The influence of compressive strain on electronic structures and optical properties of BFO thin films has been experimentally studied, although contradictory results have been reported. The band gap of BFO was reported to be insensitive to applied strain in Ref. 36, but strongly sensitive in Ref. 37, 38. In this regard, we investigated the impact of tensile strain on the energy band gap of (001) BFO thin films. The dependence of energy band gap on tensile strain is shown in Figure 4, where one can see that the induced shear deformation leads to a strong increase in the energy gap. Thus, with the shear deformation is allowed, there is an increase in the energy gap under tensile strain. The origin of this band gap increase is readily understood. BFO is a largely ionic crystal. In such materials, lattice distortions are driven by optimization of the ionic bonding as well as covalency effects, such as the lone pair chemistry of Bi, i.e. the hybridization between nominally unoccupied Bi 6p orbitals and the 2p orbitals on neigboring O atoms. Both of these effects favor structures with higher band gaps. Specifically, the conduction bands in BFO have cation character and therefore are pushed to higher energy when the positively charged cations adopt favorable positions from an electrostatic point of view. Moreover they have anti-bonding character with O and are also pushed up in energy by increased hybridization. Therefore, while in general there may be competing effects in perovskites, such as band width changes, it is not surprising that a symmetry lowering distortion that lowers the energy also increases the band gap in BFO. On the other hand, if shear deformation is not allowed, the energy band gap initially increases with tension and then starts to decrease when the tensile strain is larger than 4.8%. This decrease reflects the strong instability of BFO thin films under high tensile strain when it is not allowed to deform, consistent with the above argument.
Stability of Pmc21 phase of (001) BiFeO3 thin film under tensile strain
We now turn to the phases that occur under tensile strain. It was recently reported that a phase Pmc21 becomes more stable than Cc and Ima2 at misfit strain >5%6. The first question is whether the stability of the Pmc21 phase will overcome the shear deformation in stablizing (001) BFO thin films at high tensile strain. To address this we studied the stability of Pmc21 phase using the PBE-GGA method and also did calculations with the methods reported in Refs. 5, 6. With the epitaxial condition a1 = 2aIPx, a2 = 2aIPy and a3 = aIP (δ1x + δ2y + (2 + δ3)z) reported in Ref. 6, there are three structural models for describing the Pmc21 phase (see supporting information for details). The first model, case (i), has one anti-phase tilt of FeO6 octahedra along the pseudocubic pc direction, cpc− (a0b0c−). This model gives a very high energy. The second model, case (ii), has the same structure as NaNbO339,40,41 with one in-phase tilt of the FeO6 octahedra along the pseudocubic pc direction, cpc+ (a0b0c+). This model has been theoretically applied to (001) epitaxial BFO thin films6 and was also studied for AgNbO3, where it was not found to be an appropriate model42. The third model, case (iii), has the AgNbO3 structure with a doubled unit cell along the a-axis (along the pc axis) having two in-phase tilts and two anti-phase tilts along the pc axis, i.e., cpc+ and cpc− with antiphase tilts along the pc and pc axis, ((a−/a0), (b−/b0), (c+/c−)). The energy-misfit strain phase diagram, Figure 5, shows that the in-phase tilt model, case (ii), results in the lowest energy for Pmc21 BFO thin films. However, the transition between Cc-Pmc21 takes place not at 5% as reported by Ref. 6 but at substantially larger different misfit strains, ~7.4% (see Figure 5, the cross between the red line and blue line). We did tests to understand the origin of this difference from Ref. 6 and found the origin is in the frozen core approximation. Specifically, we treated the Fe 3p semicore state as a valence state, while in Ref. 6 the Fe 3p state was treated as a core state, thereby imposing a frozen core approximation on it. We reproduced the results reported there when we use the same treatment with and without frozen core approximation (see supporting information). The results show a significant difference between these two approximations. In any case, we compare the stabilities of the Cc, Ima2 and Pmc21 with deformation induced Cc, Ima2 and Pmc21 phase using the PBE-GGA. As shown in Figure 5, the Cc and Ima2 (at misfit strain >7%) phase with induced deformation is still the most stable phase under tensile strain. The induced shear strain helps to further stabilize the Pmc21 phase but the effect is minor in comparison to Cc and Ima2 phases.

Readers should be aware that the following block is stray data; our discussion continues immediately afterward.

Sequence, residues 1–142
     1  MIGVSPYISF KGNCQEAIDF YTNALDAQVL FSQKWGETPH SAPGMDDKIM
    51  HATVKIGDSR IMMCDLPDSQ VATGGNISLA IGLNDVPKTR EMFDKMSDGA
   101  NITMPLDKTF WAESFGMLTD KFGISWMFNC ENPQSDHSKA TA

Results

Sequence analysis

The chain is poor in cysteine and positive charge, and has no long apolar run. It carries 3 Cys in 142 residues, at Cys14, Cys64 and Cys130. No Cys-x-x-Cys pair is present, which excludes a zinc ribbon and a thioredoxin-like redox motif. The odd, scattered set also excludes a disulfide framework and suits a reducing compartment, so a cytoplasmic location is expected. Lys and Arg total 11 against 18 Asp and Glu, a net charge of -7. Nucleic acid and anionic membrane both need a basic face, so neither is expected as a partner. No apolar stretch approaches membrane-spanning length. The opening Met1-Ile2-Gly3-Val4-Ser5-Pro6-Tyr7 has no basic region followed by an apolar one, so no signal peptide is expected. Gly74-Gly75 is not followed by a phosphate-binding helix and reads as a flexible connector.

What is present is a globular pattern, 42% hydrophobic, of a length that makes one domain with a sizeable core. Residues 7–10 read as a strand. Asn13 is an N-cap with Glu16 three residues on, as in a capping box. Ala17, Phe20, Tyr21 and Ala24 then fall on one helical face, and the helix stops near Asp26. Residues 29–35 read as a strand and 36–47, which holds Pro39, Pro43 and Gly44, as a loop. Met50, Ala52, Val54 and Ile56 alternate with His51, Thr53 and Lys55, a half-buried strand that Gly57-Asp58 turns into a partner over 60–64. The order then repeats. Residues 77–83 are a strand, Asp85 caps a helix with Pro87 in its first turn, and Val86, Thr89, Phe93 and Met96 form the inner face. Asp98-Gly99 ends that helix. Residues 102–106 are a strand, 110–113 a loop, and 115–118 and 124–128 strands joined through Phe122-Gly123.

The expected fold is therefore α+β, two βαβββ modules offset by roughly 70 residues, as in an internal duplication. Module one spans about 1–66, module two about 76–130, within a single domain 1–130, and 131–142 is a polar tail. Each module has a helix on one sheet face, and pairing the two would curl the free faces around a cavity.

In summary, we studied epitaxially strained (001) BFO thin films under tensile strain using first-principles calculations. Interestingly, (001) BFO thin films spontaneously deform under tensile strain. This shear deformation can stabilize the samples if the contraints do not prevent it. Our results suggest one reason for the difficulty in growing BFO under large tensile strain, specifically the inhibition of deformation by substrate clamping. That is, the normal conditions for growth involve clamping of two in-plane lattice constants, plus the angle corresponding to the deformation all of which prefer different values in this case. It will be interesting to investigate growth on miscut substrates compatible with the shear deformation both to access the physical properties of the deformed phases and also to investigate the effect on the growth conditions. We investigated into the stability of Pmc21 phases including consideration of different possible tilt patterns, but we still find that the presence of the deformation makes the Cc/Ima2 phases more stable than all the Pmc21 phases. Moreover, we studied the effects of the induced deformation on the phase transitions, monoclinic tilt, oxygen octahedra tilt, polarization and band gap of BFO thin films. The deformation shifts the Cc to Ima2 phase transition towards a lower tensile strain (~1% less). It improves the polarization in the  direction and reduces the polarization in the  direction. It also strongly affects the electronic structures of BFO, especially at high tensile strain (>2%).